How To Get Your Parents’ Trust Back

Last week I told you about how I lost my parents’ trust. I know I’m not the only one. If you’re one of those girls who has been walking on eggshells around a couple of suspicious parents, here’s how you can get their trust back. Ready?

First, it will take genuine repentance. For the sake of this post, I’m going to assume that you lost your parents trust because . . . you sinned. Usually that’s the way it works. Oh, we don’t like to think of it that way. We usually say “I made a poor decision because of so-and-so or such-and-such, I got caught, and now I want my parents to trust me again so life will be easier for me.” This is what God’s Word refers to as “worldly grief [that] produces death” (2 Cor. 7:10). You’re sorry about your sin because you don’t look so good in someone’s eyes anymore or because now you’re dealing with the painful consequences.

But . . . what about the fact that you sinned against a holy God? Is your heart broken over the fact that you disobeyed His law, that you chose sin over pleasing Him, that you didn’t bring Him the glory He deserves? When God is the main reason you regret your sin (rather than yourself and the consequences you’re facing), that’s a good thing. That’s what God’s Word refers to as “godly grief” that “produces a repentance that leads to salvation without regret” (2 Cor. 7:10).

So as you evaluate your situation, would you say you have worldly grief leading to death or godly grief leading to repentance? If it’s not the latter, I encourage you to ask God right now to give you godly grief that leads to repentance. Ask Him to help you see your sinfulness as He sees it, to see His awesome holiness, and then turn to Jesus in faith, knowing that He has declared you righteous and clean and forgiven if you have put your trust in Him.

Second, it will take HOT conversation (honest, open, and transparent). If you have genuinely repented of your sin, then you will want to bring all your sin “into the light.” Have you been completely honest with your parents? Trust me . . . as hard as it will be for you to tell them the whole truth, it will be so much harder if they find out from anyone other than you. Proverbs 28:13 says, “Whoever conceals his transgressions will not prosper, but he who confesses and forsakes them will obtain mercy.”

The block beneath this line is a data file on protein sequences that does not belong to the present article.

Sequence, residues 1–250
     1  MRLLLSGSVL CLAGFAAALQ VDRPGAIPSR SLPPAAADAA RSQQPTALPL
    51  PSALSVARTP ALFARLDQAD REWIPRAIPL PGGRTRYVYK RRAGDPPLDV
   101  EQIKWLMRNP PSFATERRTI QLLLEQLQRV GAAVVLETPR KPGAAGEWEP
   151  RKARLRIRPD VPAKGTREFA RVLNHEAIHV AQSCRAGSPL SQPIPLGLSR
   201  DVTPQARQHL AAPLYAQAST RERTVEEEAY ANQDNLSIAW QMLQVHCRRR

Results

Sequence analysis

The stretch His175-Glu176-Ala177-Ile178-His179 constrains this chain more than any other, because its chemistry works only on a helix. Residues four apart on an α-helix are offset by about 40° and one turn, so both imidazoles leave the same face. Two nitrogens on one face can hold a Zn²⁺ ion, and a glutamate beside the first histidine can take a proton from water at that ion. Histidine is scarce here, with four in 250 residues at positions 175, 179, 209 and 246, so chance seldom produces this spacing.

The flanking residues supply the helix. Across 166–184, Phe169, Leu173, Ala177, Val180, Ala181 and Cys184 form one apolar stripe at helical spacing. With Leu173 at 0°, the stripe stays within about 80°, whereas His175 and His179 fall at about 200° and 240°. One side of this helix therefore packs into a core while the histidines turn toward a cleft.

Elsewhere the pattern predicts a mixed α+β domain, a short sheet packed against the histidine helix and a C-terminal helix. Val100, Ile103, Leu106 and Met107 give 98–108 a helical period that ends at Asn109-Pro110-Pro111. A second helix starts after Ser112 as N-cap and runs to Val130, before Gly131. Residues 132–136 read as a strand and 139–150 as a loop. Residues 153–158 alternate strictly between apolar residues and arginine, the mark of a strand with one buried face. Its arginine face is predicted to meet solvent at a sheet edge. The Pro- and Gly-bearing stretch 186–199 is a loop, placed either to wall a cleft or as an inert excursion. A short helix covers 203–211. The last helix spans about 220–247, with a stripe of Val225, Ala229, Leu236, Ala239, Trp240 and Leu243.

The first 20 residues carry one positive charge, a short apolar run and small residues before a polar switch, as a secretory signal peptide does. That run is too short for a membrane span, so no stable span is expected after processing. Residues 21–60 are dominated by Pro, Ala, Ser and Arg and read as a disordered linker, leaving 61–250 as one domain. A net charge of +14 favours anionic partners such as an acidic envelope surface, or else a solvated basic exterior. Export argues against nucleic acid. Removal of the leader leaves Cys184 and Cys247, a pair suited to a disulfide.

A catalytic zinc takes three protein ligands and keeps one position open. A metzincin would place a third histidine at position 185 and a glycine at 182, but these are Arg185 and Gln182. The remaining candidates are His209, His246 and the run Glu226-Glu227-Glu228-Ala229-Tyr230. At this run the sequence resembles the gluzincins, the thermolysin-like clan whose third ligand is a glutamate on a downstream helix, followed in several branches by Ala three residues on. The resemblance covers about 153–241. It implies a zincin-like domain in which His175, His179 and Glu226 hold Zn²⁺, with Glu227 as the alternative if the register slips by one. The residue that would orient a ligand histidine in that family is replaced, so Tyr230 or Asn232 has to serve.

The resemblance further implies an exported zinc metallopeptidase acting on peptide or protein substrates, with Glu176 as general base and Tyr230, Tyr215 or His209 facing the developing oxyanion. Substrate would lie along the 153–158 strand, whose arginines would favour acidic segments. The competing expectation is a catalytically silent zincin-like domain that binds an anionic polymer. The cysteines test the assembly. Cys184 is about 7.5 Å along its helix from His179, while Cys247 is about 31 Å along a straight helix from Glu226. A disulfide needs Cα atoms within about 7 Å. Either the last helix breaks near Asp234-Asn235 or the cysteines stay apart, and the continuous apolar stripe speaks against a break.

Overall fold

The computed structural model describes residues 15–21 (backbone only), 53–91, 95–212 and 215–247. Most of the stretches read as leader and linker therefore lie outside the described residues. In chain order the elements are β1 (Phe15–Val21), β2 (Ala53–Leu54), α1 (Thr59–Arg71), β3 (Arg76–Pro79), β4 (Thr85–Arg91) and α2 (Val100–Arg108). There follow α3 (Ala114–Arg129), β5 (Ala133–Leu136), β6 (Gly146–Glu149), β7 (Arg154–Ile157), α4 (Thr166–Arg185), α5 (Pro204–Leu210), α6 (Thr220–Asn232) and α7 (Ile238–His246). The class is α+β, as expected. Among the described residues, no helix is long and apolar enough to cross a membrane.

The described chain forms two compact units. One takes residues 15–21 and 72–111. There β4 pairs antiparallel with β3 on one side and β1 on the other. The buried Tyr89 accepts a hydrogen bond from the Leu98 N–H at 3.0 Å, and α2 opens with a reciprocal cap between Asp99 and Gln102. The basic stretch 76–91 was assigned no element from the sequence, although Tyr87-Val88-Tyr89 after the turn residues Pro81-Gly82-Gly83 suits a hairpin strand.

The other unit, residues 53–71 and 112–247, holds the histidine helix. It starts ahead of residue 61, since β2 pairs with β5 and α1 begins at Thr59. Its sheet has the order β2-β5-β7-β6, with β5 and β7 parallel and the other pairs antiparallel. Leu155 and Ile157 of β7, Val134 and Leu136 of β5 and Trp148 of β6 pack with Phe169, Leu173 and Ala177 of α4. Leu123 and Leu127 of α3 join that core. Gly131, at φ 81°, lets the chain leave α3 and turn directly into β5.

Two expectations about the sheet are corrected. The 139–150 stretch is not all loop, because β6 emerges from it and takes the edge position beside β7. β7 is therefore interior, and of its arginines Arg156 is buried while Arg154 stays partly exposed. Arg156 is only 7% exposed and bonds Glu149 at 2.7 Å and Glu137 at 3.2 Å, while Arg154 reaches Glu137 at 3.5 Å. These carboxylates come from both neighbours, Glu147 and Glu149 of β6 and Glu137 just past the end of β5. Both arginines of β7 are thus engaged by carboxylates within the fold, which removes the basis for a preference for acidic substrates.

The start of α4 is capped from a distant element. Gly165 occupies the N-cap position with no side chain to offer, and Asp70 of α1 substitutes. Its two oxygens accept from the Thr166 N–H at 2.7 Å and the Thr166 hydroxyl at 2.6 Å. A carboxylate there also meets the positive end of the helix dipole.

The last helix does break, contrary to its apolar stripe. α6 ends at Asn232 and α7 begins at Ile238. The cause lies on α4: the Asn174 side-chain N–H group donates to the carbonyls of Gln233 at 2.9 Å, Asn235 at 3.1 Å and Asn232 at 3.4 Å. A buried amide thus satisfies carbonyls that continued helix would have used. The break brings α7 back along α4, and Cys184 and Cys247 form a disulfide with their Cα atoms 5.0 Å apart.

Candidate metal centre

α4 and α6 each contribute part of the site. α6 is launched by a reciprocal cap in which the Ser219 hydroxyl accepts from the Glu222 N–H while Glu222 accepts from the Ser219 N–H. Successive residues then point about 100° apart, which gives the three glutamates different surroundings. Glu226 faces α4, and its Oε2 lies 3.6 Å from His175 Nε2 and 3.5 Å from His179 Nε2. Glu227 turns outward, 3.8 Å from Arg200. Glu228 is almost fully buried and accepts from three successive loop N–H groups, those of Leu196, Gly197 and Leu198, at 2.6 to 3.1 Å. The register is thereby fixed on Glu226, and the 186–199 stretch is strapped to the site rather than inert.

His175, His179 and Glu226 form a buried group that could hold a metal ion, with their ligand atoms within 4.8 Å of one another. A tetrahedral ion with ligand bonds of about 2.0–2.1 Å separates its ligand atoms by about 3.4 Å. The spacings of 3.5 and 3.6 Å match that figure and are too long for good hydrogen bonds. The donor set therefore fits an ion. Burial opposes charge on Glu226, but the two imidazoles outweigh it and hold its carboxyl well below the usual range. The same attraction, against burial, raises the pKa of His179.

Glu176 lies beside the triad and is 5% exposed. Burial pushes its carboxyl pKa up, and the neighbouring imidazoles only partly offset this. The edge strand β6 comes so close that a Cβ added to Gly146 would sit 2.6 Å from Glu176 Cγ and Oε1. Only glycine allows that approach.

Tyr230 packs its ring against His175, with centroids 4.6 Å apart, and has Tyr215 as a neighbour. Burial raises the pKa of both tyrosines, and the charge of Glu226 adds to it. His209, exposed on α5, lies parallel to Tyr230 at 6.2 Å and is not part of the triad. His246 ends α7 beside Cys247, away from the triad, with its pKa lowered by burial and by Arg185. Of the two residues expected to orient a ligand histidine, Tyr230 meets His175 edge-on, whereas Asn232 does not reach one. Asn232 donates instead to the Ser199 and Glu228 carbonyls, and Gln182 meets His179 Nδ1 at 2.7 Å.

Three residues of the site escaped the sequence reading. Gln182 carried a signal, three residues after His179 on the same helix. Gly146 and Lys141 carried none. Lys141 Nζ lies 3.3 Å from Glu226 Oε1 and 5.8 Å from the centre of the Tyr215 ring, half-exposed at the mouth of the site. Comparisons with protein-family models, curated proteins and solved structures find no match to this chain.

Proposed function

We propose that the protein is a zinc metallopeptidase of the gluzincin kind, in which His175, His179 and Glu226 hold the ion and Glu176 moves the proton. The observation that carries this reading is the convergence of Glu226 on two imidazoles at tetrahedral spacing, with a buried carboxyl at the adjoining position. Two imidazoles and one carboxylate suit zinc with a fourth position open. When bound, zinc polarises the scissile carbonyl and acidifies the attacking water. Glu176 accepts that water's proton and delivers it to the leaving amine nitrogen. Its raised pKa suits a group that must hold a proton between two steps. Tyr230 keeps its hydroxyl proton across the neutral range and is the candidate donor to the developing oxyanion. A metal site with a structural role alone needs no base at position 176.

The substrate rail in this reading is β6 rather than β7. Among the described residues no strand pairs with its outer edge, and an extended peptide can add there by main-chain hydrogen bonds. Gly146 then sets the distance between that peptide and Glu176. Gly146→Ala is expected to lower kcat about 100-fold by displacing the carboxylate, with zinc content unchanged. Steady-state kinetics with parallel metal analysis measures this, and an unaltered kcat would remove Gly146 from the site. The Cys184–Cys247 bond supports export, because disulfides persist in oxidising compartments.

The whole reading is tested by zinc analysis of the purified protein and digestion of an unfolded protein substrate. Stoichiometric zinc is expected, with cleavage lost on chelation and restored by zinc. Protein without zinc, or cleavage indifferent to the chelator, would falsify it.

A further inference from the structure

Once your sin is out in the open and exposed, ask your parents what it will take to regain their trust. Be willing to work with them. Set up a plan with them, and go out of your way to let them know where you are and what you’re doing.

Finally, know that it will take time. Lots of it. It’s just a natural consequence we have to face when we’ve sinned and hidden it. Be patient with your parents. They can’t see your heart. Give them time—lots of it—and watch God restore your relationship beyond what you would have ever imagined!

I’m sorry it’s not easier. Sin rots. Its consequences are long-lasting. But because of God’s grace, there is always room for redemption, healing, and restored relationships! What step will you take today to genuinely repent, communicate honestly, and prepare for the long haul? Any other ideas you have that I didn’t include?

About Author

Paula Marsteller no longer tries to catch guys' attention by swallowing live goldfish, arm wrestling, and jumping down flights of stairs. (She's married to a wonderful man now!) She spends her days caring for her two young sons and seeking to practice "radically ordinary hospitality." She's the author of Confessions of a Boy-Crazy Girl: On Her Journey from Neediness to Freedom, and she and her family live in Central New York. You can catch her writing on

HEY, GIRLS! We love hearing from you, but feel limited in the ways we can help. For one thing, we’re not trained counselors. If you’re seeking counsel, we encourage you to talk to your pastor or a godly woman in your life as they’ll know more details and can provide you with ongoing accountability and help. Also, the following comments do not necessarily reflect the views of Revive Our Hearts. We reserve the right to remove comments which might be unhelpful, unsuitable, or inappropriate. We may edit or remove your comment if it:

  • * Requests or gives personal information such as email address, address, or phone number.
  • * Attacks other readers.
  • * Uses vulgar or profane language.